By: Mason Johnson

Last year at Walmart I purchased two films: Princess Mononoke, and Castle in the Sky. I have heard of Studio Ghibli through my traverses across nerd/geek culture but never watched any of their films. No particular reason fueled my disinterest, but the current avalanche of content from the Marvel Cinematic Universe (the potato chips of pop culture). I decided to engage with the two Ghibli films that I acquired. In short: I love them. Here are some reasons that these films mean so much to me.

Sheeta and Pazu, via

Castle in the Sky, released in 1986, was the first film created by Studio Ghibli, and thus holds a certain amount  acclaim in the world of pop culture. Hayao Miyazaki directed this feature film and took inspiration from various sources. One of the origins of inspiration were the fresh ideas he had in mind for the anime series “Future Boy Conan” along with the novel “Gulliver’s Travels.” The country of Wales seemed to be drawn upon heavily for the story’s setting and locale.

In the beginning, we see government agents engaging pirates aboard an airship in an attempt to kidnap a young girl called Sheeta. Sheeta eventually escapes through her own volition but falls off the blimp. Meanwhile, Pazu, a young boy of a small mining town, is helping his boss at the mines when he notices an unconscious girl floating down from the sky. Pazu takes this girl to his house when she wakes up the two bond, and Sheeta reveals her blight, pirates and government agents are after her and her magical amulet. After this, the children are forced into a chase scene by the pirates. This pushes them into an old abandoned mine, where an old coot that takes residence in there reveals that Sheeta’s amulet is made of a mystical material called Aetherium.

castle in the sky concept art found via

Feeling confident enough that the pirates have given up, the companions leave the mine, only to end up in the hands of the army. Both are imprisoned in a military fortress, Sheeta and the audience are introduced to Colonel Muska, who reveals that the government is searching for the legendary floating island Laputa. This search was spurred on when a robot fell from the sky, which they are currently holding in the fortress. Muska promises Sheeta that they would allow Pazu to leave unharmed if she agrees to work with them. Sheeta agrees to this and emotionally pushes Pazu away, dejected Pazu returns home, where he finds the pirates dining in his house.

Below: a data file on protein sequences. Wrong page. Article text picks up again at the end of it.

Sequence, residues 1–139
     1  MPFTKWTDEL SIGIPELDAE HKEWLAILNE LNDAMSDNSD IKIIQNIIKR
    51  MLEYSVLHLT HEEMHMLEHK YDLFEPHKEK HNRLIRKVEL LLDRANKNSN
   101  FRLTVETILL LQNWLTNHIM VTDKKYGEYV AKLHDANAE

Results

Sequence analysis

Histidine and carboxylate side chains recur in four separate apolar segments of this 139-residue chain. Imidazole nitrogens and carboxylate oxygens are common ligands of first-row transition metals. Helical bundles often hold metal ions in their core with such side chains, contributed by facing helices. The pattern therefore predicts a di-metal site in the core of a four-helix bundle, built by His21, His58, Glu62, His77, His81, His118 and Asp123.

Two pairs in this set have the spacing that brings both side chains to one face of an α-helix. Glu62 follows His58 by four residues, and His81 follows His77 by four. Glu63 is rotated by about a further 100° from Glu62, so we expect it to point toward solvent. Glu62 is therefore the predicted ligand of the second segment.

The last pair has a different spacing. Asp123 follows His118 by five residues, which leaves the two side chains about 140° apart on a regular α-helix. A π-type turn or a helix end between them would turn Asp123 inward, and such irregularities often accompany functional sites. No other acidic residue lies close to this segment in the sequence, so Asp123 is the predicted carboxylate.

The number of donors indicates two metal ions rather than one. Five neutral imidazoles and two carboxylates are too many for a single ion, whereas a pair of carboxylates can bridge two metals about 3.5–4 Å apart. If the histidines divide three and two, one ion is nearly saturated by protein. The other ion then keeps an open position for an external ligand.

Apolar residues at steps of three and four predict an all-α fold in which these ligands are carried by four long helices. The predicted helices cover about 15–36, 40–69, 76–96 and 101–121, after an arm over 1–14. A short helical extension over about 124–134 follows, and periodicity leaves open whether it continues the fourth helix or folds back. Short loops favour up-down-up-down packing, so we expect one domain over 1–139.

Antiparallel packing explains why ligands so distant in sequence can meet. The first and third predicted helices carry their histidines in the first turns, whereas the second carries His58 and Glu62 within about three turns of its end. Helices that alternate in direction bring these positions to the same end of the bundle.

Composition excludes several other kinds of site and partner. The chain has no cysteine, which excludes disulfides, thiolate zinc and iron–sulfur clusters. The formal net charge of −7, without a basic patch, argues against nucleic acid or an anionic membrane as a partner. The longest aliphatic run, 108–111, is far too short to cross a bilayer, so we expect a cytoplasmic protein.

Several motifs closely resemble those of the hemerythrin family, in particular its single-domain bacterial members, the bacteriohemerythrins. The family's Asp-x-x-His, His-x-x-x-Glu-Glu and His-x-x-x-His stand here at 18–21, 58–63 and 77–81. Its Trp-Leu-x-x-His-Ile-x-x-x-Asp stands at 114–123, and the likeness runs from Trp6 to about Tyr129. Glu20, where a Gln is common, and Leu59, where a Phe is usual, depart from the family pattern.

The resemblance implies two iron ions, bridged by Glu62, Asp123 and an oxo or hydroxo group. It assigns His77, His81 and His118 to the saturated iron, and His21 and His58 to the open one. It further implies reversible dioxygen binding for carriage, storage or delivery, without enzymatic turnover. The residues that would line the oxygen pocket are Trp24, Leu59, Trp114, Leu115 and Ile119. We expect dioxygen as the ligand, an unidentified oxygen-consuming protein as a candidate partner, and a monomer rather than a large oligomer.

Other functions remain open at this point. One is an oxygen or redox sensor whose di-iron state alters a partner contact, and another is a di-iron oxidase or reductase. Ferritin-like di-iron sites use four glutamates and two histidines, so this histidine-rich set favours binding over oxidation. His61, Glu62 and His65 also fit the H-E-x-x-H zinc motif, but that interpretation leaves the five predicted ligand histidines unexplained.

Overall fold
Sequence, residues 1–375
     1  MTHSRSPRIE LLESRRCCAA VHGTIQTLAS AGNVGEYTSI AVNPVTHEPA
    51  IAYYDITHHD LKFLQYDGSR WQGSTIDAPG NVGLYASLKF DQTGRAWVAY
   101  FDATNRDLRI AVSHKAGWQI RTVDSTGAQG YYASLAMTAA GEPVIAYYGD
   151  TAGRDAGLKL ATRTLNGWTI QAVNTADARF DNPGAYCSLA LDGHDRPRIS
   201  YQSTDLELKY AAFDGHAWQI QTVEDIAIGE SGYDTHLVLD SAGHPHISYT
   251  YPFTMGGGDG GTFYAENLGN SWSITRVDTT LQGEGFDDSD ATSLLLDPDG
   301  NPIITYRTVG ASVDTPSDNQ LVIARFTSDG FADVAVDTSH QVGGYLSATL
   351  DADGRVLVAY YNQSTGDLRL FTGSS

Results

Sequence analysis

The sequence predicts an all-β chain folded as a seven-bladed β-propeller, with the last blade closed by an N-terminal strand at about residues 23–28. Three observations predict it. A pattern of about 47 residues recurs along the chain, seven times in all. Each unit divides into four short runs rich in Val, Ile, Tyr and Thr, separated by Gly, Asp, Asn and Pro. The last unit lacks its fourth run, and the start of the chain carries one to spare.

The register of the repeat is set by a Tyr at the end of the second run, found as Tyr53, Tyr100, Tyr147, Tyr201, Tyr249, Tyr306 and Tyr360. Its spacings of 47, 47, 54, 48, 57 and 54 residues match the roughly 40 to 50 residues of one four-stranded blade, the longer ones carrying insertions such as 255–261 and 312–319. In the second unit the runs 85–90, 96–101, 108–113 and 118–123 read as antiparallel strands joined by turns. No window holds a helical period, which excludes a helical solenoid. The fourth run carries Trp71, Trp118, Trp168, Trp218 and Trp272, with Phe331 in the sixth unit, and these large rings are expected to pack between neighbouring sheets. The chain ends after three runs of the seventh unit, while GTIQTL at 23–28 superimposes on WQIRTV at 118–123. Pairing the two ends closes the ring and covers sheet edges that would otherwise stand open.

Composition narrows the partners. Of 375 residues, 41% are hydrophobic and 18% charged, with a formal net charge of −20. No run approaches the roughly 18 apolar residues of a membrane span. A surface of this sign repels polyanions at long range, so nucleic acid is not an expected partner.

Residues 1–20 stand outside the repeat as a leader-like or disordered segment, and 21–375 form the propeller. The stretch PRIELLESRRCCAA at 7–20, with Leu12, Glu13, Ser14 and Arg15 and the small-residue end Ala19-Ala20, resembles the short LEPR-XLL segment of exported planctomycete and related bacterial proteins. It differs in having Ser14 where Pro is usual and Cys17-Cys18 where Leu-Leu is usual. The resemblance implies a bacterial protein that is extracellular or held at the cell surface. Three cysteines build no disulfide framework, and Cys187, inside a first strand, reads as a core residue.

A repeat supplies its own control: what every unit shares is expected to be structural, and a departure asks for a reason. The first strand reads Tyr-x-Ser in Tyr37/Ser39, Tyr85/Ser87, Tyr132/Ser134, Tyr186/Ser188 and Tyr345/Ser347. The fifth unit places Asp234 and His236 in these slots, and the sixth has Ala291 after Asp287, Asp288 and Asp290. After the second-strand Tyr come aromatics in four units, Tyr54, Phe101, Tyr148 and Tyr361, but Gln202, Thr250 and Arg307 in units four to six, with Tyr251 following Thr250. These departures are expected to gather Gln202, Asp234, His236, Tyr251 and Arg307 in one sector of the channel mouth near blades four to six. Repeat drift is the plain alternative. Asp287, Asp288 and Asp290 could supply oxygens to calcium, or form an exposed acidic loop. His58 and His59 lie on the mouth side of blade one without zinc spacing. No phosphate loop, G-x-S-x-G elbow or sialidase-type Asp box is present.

The pirate captain Dola sees through Pazu wounded ego and reveals why Sheeta abandoned him. Feeling guilty Pazu joins the pirates so he may save his friend. During all this Sheeta remembers various spells her grandmother taught her, hoping to be rescued by them she says one out aloud. This causes the robot to reactivate and goes on a rampage to free Sheeta. Pazu and

Laputan robot found via

the pirates arrive when the carnage is at its height. This complicates the rescue, but eventually, they are able to liberate Sheeta.

However, they fail to realize that her amulet fell off her during the chaos and is now in the hands of Muska and the military. The two friends agree to temporary join Dola’s crew so that they can beat the government at finding Laputa. In time the pirates and the military arrive at the floating citadel. It is here where Muska reveals his true colors, he had no interest in helping the government in locating Laputa, he did this solely for his own ends. For in truth he and Sheeta are descendants of the Laputa’s royal family, and he seeks to reestablish the island to its former glory at any cost necessary. Sheeta realizing the truth behind her family’s customs comes to the conclusion that the Laputans abandoned the fortress willingly so that they can be closer to the earth. Through various shenanigans, Pazu and Sheeta regain ownership of the amulet a say one final spell, the spell of destruction. This spell destroy the majority of Laputa and launches the rest of it in the upper atmosphere. With this adventure past them, Pazu takes Sheeta home, and they lived happily ever after.

The animation of the film is  exceptional, which is to be expected from Studio Ghibli. It fills the tale with much-needed charm and whimsy make the story work at a more impressive level. The film also leans heavily on steampunk and other Victorian aesthetics. For those unaware, steampunk is a subgenre of speculative fiction that takes massive inspiration from the Victorian era of England. This subgenre is known for its somewhat anarchic designs for technology which often places the visuals of a machine over its functionality. Hayao Miyazaki is well known for his interest in planes and other flying machines, so it is no real surprise that he would use these design principles.

Studio Ghibli’s “Castle in the Sky” is an enjoyable action-adventure movie that anyone can sit down and engage with. Its fairytale inspired plot makes the whole experience a pleasant one, with an aesthetic that is extremely pleasant to the eye. If you have an afternoon open, you’re bound to have a good time with this.

For more news and updates about Reinhardt events, follow our social media platforms:




Leave comment

Your email address will not be published. Required fields are marked with *.